As Steve Sullivan and psychologists convened small groups of mental health providers and clergy over the past two years, they learned that lack of trust creates barriers to integrated care.
Armed with a grant from Bristol Myers Squibb, VA Mental Health and Chaplaincy led one-day interactive training events in 13 sites across the country. Each event brought together 15 to 50 clergy and mental health providers. Participants viewed a series of professionally produced videos featuring a psychiatrist and an ecumenical group of pastors and counselors discussing their own struggles and lessons learned from dealing with those who have mental health struggles in their congregations.
The events also focused on the mental health and spiritual needs of returning veterans, concluding with a case study on “moral injury,” what many veterans experience when they perpetrate or witness events in combat that go against deeply held convictions.
Sullivan, a Baptist who serves as community coordinator through the VA Mental Health and Chaplaincy program in Durham, N.C., also worked with a team that offered four 20-minute videos for use in faith communities. The series, “A Place to Call Home,” covers issues such as trauma, moral injury and belonging.
From these experiences, Sullivan reported three findings.
First, leaders from the various faith communities decided they were not welcoming to each other. This revelation was sparked by the most popular video used in the series, on “Belonging.”
This lack of trust in each other was identified as a barrier to serving veterans and others who come to churches with mental health needs. And it spills over to internal workings of congregations as well.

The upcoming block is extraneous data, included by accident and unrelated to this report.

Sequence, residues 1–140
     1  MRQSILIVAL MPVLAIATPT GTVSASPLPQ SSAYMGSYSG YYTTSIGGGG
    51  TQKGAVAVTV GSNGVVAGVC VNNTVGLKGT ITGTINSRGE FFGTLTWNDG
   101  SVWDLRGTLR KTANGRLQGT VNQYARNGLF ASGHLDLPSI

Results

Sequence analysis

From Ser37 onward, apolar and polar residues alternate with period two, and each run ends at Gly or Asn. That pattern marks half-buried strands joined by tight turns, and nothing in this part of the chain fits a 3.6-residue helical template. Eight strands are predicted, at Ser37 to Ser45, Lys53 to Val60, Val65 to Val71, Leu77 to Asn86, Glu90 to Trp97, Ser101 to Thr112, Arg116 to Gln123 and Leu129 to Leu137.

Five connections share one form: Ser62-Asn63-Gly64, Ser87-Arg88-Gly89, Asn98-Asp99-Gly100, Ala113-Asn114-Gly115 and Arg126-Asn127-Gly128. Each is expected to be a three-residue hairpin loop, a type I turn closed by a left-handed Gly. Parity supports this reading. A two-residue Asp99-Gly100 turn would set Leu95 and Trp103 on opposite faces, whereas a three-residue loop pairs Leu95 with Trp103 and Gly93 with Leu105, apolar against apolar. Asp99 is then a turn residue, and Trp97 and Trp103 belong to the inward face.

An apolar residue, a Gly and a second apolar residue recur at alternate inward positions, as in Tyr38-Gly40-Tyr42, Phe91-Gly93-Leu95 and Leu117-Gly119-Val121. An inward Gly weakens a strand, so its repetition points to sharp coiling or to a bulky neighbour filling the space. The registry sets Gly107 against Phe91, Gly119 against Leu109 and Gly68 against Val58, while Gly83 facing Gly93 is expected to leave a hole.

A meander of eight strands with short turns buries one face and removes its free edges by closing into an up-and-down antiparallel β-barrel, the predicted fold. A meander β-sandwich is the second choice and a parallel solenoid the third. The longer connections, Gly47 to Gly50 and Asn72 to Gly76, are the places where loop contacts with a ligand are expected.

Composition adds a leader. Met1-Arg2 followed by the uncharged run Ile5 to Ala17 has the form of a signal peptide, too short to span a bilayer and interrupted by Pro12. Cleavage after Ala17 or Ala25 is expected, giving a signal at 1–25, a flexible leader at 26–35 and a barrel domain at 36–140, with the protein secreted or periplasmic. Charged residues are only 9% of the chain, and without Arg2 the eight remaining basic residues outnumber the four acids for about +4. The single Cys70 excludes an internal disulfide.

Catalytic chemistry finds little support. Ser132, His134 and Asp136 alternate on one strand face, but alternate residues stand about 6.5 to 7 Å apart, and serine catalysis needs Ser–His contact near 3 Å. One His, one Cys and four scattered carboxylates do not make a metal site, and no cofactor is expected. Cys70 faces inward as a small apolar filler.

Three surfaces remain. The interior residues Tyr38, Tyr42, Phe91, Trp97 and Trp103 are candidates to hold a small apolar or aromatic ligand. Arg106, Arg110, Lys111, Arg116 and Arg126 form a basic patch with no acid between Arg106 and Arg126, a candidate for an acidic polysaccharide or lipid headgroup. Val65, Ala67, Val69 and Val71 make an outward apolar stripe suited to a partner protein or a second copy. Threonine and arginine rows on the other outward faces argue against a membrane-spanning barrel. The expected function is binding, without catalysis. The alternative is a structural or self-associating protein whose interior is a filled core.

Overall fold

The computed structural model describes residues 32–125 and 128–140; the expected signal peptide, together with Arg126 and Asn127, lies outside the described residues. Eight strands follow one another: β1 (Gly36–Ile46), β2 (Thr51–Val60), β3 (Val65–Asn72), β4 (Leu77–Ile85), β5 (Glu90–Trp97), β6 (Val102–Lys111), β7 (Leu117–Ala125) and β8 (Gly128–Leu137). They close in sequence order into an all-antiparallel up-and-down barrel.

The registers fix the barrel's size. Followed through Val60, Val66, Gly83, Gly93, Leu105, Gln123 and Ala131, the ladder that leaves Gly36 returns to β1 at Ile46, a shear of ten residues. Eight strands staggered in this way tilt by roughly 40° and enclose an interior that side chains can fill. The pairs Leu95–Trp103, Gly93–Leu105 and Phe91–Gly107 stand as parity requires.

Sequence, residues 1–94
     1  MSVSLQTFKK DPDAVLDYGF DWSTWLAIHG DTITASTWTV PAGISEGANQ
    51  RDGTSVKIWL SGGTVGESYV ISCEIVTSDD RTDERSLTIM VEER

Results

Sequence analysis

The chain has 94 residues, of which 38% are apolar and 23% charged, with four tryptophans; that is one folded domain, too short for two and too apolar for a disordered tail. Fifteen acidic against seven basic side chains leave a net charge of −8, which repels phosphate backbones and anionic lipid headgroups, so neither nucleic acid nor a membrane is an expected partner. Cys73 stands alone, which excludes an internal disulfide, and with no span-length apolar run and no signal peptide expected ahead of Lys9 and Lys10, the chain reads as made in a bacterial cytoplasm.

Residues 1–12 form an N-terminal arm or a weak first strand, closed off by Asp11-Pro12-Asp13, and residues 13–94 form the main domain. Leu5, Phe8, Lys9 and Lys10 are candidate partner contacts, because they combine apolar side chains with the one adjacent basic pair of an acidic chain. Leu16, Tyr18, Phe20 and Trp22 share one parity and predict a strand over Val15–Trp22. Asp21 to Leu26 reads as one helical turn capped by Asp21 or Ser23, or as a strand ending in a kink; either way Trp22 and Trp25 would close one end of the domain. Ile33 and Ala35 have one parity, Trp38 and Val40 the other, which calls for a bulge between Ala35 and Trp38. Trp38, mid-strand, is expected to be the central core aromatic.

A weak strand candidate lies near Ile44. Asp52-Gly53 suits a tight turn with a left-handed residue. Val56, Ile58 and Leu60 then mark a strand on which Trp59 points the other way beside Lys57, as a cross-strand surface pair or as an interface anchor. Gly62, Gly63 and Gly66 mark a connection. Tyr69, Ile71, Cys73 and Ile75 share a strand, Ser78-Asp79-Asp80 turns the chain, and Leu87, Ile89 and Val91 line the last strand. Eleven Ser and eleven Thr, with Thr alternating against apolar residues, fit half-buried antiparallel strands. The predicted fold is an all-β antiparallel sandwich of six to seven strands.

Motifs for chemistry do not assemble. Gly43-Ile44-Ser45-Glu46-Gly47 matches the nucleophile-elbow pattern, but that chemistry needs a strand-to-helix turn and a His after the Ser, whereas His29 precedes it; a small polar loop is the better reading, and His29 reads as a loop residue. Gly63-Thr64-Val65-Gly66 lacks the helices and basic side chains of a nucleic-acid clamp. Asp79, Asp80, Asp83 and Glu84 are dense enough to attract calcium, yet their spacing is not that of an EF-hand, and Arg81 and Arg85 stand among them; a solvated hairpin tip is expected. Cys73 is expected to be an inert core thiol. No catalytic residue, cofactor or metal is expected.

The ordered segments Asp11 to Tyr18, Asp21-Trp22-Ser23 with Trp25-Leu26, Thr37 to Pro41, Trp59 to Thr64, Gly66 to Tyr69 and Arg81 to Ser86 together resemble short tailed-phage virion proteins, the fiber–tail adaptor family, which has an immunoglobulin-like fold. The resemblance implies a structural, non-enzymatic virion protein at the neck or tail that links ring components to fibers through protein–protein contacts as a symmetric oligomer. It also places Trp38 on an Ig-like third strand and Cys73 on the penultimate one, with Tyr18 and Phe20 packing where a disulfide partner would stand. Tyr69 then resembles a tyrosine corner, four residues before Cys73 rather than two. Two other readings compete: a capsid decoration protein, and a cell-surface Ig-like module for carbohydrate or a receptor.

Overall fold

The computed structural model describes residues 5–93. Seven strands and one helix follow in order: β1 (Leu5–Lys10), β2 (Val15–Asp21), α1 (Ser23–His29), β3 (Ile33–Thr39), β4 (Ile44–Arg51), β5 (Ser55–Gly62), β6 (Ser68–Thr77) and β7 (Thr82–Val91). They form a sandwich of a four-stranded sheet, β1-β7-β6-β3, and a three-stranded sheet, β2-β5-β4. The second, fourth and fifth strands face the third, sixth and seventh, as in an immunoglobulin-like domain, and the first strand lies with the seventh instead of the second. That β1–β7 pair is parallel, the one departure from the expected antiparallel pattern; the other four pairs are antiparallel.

“If those in our congregations are not experiencing welcoming and belonging in their own communities, how then could they welcome others with mental health and veteran issues and give them a sense of belonging?” Sullivan asked. Faith leaders discovered that because they were not vulnerable to each other they “couldn’t see themselves as encouraging vulnerability toward those with unique sufferings.”
Sullivan said he’s seen this same barrier in many congregations. “They say that Sunday mornings are the most segregated hour of the week, but they also may be one of the least welcoming and least vulnerable.”
Second, faith leaders and mental health providers discovered they see the other as less trustworthy than themselves.
“Leaders are mistrustful of each other because they simply don’t know each other.”
“My 10-year work in bringing mental health and clergy together also bears out that leaders are mistrustful of each other because they simply don’t know each other,” Sullivan said.
He recalled that while serving in Arkansas, “we were able to simply get 10 pastors and providers together in the back of a Western Sizzlin’ and let them ‘go at it.’ The honesty that emerged in a safe place was similar to what we experienced in our Collaborating in Care trainings, where relationships and trust emerged after a lengthy and honest discussion of barriers and bad experiences.”
The same building of relationships could happen in every community through what he calls “pew and couch” luncheons to foster relationships between mental health providers and faith leaders.
Third, the VA chaplains learned that more work is needed on these issues. “The one-day events led participants to desire follow-up and more intensive efforts to collaborate with one another as a group,” Sullivan said. “This is incredibly important for those seeking to make an ongoing difference in their communities or in their collaboration.”
His experience shows that success may depend on lay leaders as much or more as clergy, though.
“Laypeople are often those with the bandwidth and passion to carry out any type of unique ministry such as to veterans and those with mental health issues,” Sullivan said. “This is true of just about any community efforts as well.”
Editor’s note: The videos are available for use in congregations and may be accessed here.